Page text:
Summer 2010

A Wasp Woman Visits a Black Junkie in Prison

Author
Etheridge Knight
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Etheridge Knight (1931–1991) began writing poetry while an inmate at the Indiana State Prison from 1960 to 1968. His first collection, “Poems from Prison,” was published in 1968 and was followed by “A Poem for Brother/Man (after His Recovery from an O.D.)” (1972); “Belly Song and Other Poems” (1973), for which he was nominated for both the Pulitzer Prize and National Book Award; and “Born of a Woman: New and Selected Poems” (1980). His work was included in “For Malcolm” (1967) and “Black Voices from Prison” (1970) and was collected for “The Essential Etheridge Knight” in 1986. “A Wasp Woman Visits a Black Junkie in Prison,” from “The Essential Etheridge Knight,” by Etheridge Knight, © 1986, is reprinted by permission of the University of Pittsburgh Press.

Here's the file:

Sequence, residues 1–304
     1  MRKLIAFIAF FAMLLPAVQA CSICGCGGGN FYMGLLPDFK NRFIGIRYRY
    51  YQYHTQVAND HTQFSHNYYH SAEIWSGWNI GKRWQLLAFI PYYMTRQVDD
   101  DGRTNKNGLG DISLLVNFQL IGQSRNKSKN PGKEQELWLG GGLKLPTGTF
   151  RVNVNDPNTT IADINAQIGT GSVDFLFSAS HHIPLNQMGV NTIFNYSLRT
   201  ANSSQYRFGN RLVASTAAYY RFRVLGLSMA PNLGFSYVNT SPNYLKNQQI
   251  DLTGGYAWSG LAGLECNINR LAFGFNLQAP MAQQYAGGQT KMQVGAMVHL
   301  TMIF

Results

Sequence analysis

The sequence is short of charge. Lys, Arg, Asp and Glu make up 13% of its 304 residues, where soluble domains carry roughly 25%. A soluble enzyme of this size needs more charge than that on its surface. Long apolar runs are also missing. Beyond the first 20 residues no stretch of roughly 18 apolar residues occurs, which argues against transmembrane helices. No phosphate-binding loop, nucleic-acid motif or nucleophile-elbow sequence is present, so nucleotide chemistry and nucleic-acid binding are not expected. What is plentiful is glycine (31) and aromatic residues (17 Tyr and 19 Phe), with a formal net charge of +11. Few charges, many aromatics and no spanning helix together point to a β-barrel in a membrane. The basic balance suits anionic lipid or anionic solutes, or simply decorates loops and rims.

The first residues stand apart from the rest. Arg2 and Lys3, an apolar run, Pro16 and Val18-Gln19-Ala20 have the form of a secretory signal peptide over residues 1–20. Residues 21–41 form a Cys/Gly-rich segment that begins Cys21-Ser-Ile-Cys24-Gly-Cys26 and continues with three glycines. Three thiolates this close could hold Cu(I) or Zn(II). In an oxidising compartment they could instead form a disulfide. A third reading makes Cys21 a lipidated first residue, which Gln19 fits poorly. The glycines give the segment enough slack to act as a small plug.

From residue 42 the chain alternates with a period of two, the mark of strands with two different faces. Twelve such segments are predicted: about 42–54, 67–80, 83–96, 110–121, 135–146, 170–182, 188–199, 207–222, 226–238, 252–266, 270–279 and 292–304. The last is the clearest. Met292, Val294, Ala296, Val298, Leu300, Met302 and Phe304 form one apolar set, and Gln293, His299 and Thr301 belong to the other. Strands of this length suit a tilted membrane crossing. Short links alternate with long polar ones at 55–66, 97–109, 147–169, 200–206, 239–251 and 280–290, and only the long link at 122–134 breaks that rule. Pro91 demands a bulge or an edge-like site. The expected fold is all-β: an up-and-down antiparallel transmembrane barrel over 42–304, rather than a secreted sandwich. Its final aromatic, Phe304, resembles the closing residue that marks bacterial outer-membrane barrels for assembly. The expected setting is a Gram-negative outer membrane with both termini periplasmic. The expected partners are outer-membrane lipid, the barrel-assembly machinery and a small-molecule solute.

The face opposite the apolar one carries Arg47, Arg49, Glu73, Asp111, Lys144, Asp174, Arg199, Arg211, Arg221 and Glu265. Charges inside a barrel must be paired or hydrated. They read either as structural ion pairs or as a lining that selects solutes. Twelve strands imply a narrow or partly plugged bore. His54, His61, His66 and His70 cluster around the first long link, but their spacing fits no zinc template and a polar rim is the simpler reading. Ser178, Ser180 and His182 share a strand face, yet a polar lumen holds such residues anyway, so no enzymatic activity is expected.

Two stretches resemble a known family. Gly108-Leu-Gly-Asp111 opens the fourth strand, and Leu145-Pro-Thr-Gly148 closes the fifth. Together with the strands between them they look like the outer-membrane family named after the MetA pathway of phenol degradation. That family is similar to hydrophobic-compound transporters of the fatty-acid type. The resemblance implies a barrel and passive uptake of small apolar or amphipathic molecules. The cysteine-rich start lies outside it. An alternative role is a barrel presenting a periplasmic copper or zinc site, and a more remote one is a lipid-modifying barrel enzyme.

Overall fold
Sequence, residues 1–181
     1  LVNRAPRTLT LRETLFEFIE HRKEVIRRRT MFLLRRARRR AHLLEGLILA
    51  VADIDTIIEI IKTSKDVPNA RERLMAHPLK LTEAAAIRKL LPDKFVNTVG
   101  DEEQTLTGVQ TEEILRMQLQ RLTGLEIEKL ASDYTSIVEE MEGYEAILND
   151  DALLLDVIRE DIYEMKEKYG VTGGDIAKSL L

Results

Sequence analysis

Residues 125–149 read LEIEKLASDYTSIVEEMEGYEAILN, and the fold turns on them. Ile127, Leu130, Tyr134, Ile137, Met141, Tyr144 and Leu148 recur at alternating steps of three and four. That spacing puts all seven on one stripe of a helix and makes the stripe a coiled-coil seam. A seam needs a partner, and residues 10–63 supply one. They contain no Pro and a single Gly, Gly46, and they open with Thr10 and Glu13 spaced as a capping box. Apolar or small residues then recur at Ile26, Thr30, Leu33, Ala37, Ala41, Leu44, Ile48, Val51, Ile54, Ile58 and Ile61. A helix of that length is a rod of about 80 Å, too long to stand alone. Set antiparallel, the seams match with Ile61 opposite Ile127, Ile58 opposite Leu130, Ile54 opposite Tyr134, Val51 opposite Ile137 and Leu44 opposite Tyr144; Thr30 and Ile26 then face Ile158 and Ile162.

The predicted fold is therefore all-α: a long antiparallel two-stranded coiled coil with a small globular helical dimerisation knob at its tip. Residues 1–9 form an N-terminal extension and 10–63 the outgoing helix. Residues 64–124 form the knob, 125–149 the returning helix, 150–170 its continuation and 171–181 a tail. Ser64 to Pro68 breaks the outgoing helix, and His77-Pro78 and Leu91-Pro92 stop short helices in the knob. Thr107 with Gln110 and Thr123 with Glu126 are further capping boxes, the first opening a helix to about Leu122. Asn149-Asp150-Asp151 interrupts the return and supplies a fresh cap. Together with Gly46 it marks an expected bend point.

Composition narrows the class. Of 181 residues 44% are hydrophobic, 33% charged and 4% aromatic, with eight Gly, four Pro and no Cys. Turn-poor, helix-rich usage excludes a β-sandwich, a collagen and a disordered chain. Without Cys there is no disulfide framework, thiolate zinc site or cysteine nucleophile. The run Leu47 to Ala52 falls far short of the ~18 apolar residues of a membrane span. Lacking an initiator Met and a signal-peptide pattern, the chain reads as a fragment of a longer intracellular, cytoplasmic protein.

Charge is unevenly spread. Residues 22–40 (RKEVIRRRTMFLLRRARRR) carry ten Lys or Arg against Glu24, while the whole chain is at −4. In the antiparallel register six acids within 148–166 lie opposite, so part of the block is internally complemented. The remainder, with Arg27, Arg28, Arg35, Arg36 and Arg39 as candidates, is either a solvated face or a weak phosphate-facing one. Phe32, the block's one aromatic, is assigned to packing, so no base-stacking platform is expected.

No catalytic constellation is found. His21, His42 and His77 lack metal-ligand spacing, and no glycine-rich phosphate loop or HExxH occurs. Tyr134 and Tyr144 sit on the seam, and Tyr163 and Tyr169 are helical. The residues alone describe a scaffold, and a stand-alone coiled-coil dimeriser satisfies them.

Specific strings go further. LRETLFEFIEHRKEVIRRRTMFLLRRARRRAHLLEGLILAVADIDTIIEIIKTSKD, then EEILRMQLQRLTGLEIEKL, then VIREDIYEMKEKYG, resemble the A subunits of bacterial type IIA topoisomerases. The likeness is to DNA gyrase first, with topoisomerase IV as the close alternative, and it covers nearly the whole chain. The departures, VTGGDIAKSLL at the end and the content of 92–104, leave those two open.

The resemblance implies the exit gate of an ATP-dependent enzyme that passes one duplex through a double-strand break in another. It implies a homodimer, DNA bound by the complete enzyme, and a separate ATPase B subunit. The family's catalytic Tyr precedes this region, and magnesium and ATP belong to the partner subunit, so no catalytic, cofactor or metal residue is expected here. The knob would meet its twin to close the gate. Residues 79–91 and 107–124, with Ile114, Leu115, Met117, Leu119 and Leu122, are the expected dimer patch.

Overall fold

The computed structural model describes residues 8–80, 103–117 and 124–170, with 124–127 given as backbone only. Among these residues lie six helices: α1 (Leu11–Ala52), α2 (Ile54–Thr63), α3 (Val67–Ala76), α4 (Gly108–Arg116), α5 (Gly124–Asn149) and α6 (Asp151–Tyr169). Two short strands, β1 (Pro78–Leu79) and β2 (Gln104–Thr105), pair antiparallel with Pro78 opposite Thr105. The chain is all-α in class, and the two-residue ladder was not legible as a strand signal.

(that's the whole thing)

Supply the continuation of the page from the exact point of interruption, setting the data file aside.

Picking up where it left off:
A Wasp Woman Visits a Black Junkie in Prison


After explanations and regulations, he
Walked warily in.
Black hair covered his chin, subscribing to
Villainous ideal.
“This can not be real,” he thought, “this is a
Classical mistake;
This is a cake baked with embarrassing icing;
Somebody’s got
Likely as not, a big fat tongue in cheek!
What have I to do
With a prim and proper-blooded lady?”
Christ in deed has risen
When a Junkie in prison visits with a Wasp woman.

“Hold your stupid face, man,
Learn a little grace, man; drop a notch the sacred shield.
She might have good reason,
Like: ‘I was in prison and ye visited me not,’ or—some such.
So sweep clear
Anachronistic fear, fight the fog,
And use no hot words.”

After the seating
And the greeting, they fished for a denominator,
Common or uncommon;
And could only summon up the fact that both were human.
“Be at ease, man!
Try to please, man!—the lady is as lost as you: ‘
You got children, Ma’am?’” he said aloud.

The thrust broke the dam, and their lines wiggled in the water.
She offered no pills
To cure his many ills, no compact sermons, but small
And funny talk:
“My baby began to walk . . . simply cannot keep his room clean . . .”
Her chatter sparked no resurrection and truly
No shackles were shaken
But after she had taken her leave, he walked softly,
And for hours used no hot words.